note: smarty pants posts are my reflections on current events, trends, and perspectives.
I wrote this morning that as a society we tend to gravitate toward utilitarianism when we are stressed out about money. So I thought that this afternoon I would give you an example of what I mean by this...
I was reading last week's issue of Time magazine where they featured a series of short articles on "world changing" ideas happening right now. The very first idea that they listed was titled "Jobs are the New Assets," and I was curious. On the surface this article seemed to make a lot of sense. The basic thesis was that right now our jobs are the most important thing we have going for us. Since our investments are in the toilet, and our homes are losing value, our jobs have become the one nugget of security we can, and should, hold on to.
A Burr in My Saddle:
Underneath the top layer, though, something about this thesis bothered me. I mulled it around for awhile, and came to the conclusion that it was precisely this "utilitarianism" I've been writing about that bugged me. Let me explain.
One of the key points of the article was that our human capital translates into our economic output. In other words, our skills and knowledge can be "invested" into our jobs and earn "interest" in increased economic output. Now that's all fine and well, but I'm not sure I like being defined into categories like "capital" and "output." And therein lies the burr under my saddle: in a recession, particularly when our incomes are threatened, it is easy to start thinking of ourselves as little more than worker bees. The "bottom line" become a primary measure of value. Now this may be a practical (aka utilitarian) and helpful way of looking at things if you are an accountant, economist or banker, but it does not figure as well for stay-at-home moms, artists, writers, and caregivers.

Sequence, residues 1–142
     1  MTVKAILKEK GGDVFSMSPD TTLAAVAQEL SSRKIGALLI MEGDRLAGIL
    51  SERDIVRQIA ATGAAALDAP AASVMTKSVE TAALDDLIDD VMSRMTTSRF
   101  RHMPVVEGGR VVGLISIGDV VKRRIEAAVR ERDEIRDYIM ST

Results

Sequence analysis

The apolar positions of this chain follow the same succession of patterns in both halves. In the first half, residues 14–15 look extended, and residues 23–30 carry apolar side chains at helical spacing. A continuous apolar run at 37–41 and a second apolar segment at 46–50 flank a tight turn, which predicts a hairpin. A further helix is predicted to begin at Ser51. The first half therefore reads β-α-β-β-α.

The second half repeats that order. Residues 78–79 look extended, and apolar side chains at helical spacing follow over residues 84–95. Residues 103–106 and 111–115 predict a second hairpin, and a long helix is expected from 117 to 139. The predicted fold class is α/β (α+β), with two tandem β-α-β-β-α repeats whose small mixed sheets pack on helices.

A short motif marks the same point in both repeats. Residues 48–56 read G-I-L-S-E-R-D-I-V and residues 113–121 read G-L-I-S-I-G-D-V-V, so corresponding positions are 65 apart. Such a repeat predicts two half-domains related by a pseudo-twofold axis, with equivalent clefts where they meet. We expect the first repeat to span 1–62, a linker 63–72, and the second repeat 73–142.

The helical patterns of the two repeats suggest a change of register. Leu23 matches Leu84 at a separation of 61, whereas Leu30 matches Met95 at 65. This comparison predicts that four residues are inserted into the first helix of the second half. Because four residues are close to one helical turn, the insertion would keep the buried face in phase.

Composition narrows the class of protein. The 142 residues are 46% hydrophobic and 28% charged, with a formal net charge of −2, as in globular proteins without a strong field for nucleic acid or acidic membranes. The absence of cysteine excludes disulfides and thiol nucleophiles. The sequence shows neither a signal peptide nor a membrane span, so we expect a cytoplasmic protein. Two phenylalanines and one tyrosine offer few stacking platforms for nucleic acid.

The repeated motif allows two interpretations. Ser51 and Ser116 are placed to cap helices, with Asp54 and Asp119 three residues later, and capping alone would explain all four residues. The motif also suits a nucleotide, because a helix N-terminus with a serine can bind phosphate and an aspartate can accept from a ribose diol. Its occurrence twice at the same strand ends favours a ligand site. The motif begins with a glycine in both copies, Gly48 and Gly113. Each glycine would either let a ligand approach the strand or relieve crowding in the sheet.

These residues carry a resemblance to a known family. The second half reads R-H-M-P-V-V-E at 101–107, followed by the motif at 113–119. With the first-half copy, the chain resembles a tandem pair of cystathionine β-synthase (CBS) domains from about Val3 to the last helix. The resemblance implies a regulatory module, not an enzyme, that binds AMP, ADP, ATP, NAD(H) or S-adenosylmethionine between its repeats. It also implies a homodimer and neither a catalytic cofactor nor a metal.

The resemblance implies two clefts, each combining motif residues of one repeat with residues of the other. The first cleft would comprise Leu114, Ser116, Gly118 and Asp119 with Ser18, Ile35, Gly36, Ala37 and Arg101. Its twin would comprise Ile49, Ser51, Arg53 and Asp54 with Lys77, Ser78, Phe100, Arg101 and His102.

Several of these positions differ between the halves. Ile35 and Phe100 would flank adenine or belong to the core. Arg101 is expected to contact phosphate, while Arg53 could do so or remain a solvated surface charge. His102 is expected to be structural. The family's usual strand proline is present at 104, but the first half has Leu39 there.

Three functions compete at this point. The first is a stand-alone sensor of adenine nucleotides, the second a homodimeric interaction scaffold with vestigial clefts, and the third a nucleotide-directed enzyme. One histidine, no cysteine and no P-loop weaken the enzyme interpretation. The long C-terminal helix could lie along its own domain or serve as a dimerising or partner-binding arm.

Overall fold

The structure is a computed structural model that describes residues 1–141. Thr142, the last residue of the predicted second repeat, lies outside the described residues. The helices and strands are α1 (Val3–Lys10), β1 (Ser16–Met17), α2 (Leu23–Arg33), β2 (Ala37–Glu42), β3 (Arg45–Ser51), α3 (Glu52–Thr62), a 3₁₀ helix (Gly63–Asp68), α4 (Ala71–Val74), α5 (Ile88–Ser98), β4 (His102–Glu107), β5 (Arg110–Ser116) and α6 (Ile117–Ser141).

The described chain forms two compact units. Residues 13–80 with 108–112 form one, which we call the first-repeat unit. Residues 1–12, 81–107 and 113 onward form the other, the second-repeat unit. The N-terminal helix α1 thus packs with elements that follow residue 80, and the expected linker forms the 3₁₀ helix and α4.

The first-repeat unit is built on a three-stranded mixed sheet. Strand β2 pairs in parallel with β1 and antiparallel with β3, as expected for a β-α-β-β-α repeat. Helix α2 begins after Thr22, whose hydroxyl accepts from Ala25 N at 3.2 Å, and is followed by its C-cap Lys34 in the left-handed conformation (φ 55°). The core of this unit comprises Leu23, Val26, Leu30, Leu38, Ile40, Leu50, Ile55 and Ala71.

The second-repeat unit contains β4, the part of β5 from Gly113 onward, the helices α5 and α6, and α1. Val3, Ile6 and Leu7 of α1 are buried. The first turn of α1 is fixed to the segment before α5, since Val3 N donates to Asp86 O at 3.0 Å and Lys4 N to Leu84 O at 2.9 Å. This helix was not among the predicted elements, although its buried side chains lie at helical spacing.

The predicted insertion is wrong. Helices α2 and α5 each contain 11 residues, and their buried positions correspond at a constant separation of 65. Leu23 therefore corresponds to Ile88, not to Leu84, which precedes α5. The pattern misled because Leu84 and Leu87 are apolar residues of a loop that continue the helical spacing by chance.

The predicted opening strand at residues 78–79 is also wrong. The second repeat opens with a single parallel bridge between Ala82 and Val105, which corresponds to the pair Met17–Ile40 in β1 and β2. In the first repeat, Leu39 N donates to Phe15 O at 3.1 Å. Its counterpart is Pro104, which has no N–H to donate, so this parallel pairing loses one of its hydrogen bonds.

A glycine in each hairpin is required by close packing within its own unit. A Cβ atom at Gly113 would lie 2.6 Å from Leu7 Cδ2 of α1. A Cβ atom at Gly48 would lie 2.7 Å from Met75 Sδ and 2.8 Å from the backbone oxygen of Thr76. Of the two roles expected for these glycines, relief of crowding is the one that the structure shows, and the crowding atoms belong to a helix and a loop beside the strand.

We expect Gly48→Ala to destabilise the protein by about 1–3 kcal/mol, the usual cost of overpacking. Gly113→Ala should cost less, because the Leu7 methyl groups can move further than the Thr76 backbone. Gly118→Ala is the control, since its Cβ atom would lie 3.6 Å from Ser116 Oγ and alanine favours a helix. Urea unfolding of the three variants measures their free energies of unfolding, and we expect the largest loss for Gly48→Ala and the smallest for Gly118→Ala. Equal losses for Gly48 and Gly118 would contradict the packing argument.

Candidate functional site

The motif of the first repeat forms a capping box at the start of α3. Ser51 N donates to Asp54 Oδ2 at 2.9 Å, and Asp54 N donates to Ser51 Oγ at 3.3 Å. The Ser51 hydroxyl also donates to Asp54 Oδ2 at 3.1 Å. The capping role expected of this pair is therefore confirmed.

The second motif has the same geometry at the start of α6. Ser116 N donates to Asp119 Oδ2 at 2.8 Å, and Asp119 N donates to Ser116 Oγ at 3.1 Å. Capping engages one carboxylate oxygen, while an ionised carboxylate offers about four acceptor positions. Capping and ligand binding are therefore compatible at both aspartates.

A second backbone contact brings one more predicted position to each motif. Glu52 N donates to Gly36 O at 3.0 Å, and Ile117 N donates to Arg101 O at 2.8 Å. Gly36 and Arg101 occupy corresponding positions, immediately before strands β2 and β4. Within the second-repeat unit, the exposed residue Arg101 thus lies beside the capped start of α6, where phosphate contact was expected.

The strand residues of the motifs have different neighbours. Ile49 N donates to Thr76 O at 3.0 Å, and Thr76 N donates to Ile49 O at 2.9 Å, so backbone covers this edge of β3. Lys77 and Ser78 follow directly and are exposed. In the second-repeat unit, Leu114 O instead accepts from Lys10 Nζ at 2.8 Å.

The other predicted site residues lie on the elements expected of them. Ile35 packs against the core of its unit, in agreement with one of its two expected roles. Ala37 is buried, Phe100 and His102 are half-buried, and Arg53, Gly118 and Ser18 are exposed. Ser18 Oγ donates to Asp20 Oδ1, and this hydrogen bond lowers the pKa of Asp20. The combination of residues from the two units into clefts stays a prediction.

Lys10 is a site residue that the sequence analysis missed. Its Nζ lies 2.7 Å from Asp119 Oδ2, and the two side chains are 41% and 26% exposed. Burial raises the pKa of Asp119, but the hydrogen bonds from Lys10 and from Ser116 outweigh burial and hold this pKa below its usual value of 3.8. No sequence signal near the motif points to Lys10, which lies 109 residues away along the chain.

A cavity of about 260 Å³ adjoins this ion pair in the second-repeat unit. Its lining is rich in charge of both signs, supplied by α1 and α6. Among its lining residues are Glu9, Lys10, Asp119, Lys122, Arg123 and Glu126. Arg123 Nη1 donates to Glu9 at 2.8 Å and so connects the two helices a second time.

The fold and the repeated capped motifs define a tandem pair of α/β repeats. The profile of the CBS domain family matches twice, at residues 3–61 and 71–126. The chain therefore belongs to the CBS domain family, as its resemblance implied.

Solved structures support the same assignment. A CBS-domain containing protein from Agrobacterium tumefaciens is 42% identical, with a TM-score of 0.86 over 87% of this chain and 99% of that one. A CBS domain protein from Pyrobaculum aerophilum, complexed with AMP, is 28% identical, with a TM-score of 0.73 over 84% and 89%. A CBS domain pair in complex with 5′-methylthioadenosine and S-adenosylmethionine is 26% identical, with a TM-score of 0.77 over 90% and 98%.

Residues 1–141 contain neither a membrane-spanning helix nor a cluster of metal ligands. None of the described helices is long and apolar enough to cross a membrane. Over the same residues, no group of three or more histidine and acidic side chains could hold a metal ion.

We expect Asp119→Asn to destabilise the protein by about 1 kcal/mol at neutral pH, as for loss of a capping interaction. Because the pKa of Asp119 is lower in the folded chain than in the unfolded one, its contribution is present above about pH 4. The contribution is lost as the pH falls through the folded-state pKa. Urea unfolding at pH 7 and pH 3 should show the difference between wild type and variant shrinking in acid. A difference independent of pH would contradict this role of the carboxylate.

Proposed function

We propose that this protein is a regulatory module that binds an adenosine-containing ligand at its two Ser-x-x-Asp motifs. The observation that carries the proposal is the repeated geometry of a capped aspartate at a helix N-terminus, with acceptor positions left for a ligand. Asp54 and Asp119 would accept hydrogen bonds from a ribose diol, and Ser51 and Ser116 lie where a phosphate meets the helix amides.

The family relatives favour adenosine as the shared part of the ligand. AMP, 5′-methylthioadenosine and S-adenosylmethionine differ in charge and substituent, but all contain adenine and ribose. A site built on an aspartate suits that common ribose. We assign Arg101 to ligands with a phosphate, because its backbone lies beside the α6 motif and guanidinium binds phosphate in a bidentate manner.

An Unfortunate Temptation:
What I am finding is that during this "economic crisis," the temptation is to look at everything through the lens of "output" and "interest." Unfortunately, day-to-day life is not so easy to quantify. What "output," for instance, do we assign to raising children? What "interest" is earned from creating something beautiful? And do we really want to start measuring everything from that perspective anyway? I certainly don't!
To be fair, the article ended on a higher note, touching on the virtues of finding meaningful work that reflects who we are as individuals. Which leads me to my final thought: "jobs" are truly an important "asset," but I much prefer the term "livelihood" because it implies a better measurement for value: life. I want the work I do to impart life, not just "output." And I want to resist the temptation to start viewing the value of my work under and artificial register of "assets" and "liabilities."
What are your thoughts?
I'm curious to know what your thoughts are about this "recession perspective" of seeing everything in terms of capital and output. Do you find it helpful, or stressful? How do you view the work you do daily, especially during this time? Please share by commenting below!
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